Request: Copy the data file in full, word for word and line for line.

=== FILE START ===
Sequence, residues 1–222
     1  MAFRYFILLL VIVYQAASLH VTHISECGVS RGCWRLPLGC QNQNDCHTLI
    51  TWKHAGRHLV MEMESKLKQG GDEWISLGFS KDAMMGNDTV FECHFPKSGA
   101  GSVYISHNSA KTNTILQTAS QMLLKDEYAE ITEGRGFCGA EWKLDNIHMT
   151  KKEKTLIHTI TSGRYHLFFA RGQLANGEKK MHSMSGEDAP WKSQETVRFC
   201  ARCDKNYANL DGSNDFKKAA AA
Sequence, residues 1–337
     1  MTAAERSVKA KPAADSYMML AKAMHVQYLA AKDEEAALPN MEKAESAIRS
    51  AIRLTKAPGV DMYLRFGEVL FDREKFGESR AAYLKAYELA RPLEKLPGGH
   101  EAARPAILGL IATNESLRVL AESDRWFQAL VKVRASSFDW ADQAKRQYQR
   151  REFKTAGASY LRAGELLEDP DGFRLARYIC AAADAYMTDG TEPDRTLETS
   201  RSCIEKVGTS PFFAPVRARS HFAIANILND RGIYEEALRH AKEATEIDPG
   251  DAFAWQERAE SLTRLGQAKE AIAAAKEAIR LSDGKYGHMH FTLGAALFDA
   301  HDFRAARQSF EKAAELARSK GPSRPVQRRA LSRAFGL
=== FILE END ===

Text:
Sequence, residues 1–222
     1  MAFRYFILLL VIVYQAASLH VTHISECGVS RGCWRLPLGC QNQNDCHTLI
    51  TWKHAGRHLV MEMESKLKQG GDEWISLGFS KDAMMGNDTV FECHFPKSGA
   101  GSVYISHNSA KTNTILQTAS QMLLKDEYAE ITEGRGFCGA EWKLDNIHMT
   151  KKEKTLIHTI TSGRYHLFFA RGQLANGEKK MHSMSGEDAP WKSQETVRFC
   201  ARCDKNYANL DGSNDFKKAA AA
Sequence, residues 1–337
     1  MTAAERSVKA KPAADSYMML AKAMHVQYLA AKDEEAALPN MEKAESAIRS
    51  AIRLTKAPGV DMYLRFGEVL FDREKFGESR AAYLKAYELA RPLEKLPGGH
   101  EAARPAILGL IATNESLRVL AESDRWFQAL VKVRASSFDW ADQAKRQYQR
   151  REFKTAGASY LRAGELLEDP DGFRLARYIC AAADAYMTDG TEPDRTLETS
   201  RSCIEKVGTS PFFAPVRARS HFAIANILND RGIYEEALRH AKEATEIDPG
   251  DAFAWQERAE SLTRLGQAKE AIAAAKEAIR LSDGKYGHMH FTLGAALFDA
   301  HDFRAARQSF EKAAELARSK GPSRPVQRRA LSRAFGL